While the photographer was changing cameras, Zeb leaned forward over Harris's shoulder. "Sorry I was so late."

"Don't worry about it," Harris said. "You got here, you didn't lose the ring, and in the original tradition of the best man, you're the most dangerous guy I know, so I had no worries that anyone would come and steal Gaby away."

The photographer said, "All right, bride only for a while." Harris and Zeb obligingly moved to one side and relaxed.

"We haven't had a lot of time to talk," Zeb said. He couldn't keep a trace of suspicion from his voice. "Months I don't hear from you or Gaby, and then boom! You're living in California, you're getting married, and you're doing what?"

"Freelance consultants. We're hotel reviewers and inspectors."

"Meaning what, exactly?"

"We're on the road most of the year, going from hotel to hotel under assumed names. We just look around, see how good the hotel staff is at doing its job, use all the hotel facilities we can without being obvious, cause a weird problem or two to see how they deal with it, and file reports to the companies that hire us. We might work for the corporation that owns the hotel, a corporation that owns rival hotels, a chain of travel agencies, a credit-card issuer, that sort of thing." Harris shrugged. "It's good work that pays well. And we like the travel."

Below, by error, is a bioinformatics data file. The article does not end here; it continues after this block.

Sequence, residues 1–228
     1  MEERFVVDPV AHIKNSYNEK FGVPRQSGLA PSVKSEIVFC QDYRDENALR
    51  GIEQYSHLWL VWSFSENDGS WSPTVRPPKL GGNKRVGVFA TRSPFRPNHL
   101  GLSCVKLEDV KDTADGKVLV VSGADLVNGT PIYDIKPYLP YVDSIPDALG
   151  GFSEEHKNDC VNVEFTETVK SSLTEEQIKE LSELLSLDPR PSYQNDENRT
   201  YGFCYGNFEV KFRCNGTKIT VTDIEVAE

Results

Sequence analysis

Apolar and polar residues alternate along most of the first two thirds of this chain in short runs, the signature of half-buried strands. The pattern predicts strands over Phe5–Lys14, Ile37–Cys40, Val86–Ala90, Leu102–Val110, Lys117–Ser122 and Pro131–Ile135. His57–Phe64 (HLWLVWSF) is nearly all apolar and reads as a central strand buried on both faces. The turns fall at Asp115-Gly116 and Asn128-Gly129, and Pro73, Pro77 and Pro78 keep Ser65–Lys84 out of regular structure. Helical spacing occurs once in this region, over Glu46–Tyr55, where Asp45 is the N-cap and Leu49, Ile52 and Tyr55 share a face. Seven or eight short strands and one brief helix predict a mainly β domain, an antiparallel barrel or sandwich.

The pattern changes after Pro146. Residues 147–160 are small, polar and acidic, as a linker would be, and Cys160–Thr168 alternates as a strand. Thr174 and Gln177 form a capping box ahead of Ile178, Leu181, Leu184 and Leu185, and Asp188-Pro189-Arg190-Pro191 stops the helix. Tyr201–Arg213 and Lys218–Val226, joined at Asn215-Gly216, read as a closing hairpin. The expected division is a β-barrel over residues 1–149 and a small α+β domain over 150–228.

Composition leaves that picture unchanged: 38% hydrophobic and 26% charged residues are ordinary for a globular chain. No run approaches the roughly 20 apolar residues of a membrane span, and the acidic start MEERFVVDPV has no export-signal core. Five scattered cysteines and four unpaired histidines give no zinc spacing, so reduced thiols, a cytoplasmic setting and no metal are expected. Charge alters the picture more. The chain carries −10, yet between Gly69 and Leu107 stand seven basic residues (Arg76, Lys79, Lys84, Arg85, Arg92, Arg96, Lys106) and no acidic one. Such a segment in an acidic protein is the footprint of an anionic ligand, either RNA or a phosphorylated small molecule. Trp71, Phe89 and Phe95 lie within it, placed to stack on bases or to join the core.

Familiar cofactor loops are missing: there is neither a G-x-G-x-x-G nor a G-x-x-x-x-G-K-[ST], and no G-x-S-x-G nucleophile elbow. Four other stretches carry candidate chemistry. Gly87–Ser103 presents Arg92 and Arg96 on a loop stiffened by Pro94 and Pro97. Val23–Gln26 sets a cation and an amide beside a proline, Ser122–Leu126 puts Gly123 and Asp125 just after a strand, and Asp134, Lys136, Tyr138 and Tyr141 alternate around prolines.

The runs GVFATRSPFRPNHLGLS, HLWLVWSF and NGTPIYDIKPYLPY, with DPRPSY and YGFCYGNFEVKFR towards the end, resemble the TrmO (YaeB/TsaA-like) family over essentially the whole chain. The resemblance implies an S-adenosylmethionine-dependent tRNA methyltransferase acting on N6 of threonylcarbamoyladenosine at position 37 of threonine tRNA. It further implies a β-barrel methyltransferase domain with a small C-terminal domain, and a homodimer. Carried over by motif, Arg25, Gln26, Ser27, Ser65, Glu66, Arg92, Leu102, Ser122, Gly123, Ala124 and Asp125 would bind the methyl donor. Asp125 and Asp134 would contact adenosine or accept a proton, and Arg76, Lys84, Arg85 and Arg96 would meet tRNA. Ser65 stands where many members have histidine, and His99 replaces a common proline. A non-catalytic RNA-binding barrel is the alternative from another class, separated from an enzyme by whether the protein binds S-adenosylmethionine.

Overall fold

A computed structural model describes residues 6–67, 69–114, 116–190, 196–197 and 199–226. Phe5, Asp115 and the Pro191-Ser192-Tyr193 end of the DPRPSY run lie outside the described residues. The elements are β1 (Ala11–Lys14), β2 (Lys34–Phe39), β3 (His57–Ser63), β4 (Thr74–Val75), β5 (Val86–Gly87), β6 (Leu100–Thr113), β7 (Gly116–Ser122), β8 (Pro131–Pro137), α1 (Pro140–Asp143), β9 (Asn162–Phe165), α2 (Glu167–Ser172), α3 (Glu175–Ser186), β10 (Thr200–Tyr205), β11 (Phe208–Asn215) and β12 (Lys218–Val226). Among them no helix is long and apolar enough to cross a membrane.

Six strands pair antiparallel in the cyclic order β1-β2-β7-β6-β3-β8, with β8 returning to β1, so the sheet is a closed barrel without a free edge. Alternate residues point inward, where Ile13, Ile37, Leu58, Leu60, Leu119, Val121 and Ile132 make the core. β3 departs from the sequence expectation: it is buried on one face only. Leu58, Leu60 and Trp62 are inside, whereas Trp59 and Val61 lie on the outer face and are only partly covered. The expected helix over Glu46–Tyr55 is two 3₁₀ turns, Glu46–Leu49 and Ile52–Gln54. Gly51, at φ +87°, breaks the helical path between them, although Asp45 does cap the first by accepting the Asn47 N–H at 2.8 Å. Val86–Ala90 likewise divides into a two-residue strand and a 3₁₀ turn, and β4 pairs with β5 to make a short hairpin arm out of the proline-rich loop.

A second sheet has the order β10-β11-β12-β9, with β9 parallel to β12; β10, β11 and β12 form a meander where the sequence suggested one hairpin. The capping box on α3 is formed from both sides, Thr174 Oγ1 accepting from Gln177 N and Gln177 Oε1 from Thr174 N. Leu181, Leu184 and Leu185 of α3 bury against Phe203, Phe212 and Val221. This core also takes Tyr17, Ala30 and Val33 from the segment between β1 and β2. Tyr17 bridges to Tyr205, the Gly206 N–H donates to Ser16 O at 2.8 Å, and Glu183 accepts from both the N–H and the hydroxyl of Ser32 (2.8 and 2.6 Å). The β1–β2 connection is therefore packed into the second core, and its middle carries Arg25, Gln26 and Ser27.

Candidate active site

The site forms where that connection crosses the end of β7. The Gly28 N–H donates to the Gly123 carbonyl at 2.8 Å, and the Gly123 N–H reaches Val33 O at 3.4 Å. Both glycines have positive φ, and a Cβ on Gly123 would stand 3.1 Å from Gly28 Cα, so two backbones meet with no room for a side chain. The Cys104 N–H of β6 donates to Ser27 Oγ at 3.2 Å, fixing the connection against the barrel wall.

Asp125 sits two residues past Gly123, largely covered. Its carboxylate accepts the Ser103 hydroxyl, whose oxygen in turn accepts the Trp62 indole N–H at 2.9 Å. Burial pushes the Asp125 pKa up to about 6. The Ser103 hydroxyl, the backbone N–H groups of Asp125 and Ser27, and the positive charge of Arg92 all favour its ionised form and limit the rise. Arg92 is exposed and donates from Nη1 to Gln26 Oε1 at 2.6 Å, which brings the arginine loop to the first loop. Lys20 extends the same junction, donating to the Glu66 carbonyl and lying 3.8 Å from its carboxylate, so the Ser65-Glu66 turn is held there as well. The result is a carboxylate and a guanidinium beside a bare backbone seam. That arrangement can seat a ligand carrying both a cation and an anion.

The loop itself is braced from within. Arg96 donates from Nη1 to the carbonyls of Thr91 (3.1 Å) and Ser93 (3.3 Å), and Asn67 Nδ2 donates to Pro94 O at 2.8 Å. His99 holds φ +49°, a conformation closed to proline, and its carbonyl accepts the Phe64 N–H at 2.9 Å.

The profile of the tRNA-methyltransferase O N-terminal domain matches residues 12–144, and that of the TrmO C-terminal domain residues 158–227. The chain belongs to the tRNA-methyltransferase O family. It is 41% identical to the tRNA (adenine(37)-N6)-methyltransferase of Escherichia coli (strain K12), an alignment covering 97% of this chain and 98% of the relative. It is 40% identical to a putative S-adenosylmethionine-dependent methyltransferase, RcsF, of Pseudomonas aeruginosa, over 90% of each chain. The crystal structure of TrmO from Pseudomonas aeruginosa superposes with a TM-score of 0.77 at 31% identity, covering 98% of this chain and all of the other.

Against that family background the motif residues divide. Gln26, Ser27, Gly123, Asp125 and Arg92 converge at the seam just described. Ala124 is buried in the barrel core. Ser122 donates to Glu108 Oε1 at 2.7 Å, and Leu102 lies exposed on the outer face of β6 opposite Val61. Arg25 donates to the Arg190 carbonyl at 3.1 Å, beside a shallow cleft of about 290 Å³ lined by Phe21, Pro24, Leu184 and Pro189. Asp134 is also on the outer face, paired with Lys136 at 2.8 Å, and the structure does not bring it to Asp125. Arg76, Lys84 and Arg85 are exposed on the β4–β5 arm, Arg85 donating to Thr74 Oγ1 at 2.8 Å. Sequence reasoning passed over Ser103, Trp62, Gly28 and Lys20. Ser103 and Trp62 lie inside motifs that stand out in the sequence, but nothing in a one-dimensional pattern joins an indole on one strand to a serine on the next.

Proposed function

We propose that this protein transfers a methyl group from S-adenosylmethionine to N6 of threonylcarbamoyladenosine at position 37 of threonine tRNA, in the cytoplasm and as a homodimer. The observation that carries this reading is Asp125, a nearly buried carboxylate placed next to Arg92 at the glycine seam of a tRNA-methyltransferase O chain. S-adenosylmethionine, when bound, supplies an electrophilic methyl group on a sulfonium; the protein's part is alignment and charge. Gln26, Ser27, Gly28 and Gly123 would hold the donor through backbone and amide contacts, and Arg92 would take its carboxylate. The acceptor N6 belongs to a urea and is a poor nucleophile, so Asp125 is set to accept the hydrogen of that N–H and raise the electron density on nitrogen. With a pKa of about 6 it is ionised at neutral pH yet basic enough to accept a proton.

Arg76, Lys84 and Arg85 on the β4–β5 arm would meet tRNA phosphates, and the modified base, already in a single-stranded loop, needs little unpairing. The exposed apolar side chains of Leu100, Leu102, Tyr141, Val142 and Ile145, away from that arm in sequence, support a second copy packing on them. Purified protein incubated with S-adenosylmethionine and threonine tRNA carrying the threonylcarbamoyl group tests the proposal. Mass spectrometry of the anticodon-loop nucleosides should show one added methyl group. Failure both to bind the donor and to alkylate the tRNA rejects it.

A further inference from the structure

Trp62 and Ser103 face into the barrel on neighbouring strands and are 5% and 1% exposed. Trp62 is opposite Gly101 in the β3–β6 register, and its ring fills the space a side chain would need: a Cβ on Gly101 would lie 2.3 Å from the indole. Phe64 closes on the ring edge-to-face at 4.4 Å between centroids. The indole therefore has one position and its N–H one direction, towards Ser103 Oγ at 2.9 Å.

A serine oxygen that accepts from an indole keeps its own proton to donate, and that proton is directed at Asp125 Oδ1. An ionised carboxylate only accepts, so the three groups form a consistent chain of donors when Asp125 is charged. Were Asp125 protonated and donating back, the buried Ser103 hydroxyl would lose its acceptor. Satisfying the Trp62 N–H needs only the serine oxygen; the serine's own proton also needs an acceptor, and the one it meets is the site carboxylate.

A crowd of well-wishers descended upon Harris, shaking his hand, clapping his back, and then moved on to linger in a predatory fashion around the buffet table setup.

"Harris?" Zeb said.

"Yeah?"

"Where are the pictures?"

Harris gestured at the photographer, still posing Gaby and members of her family. "They won't be ready for weeks."

"No, not those. You've been travelling the last few months from hotel to hotel. The last time you and Gaby went anywhere, she came back with a lot of photographs. She was into photography and journalism in school, right? I remember she likes taking pictures when she's on vacation."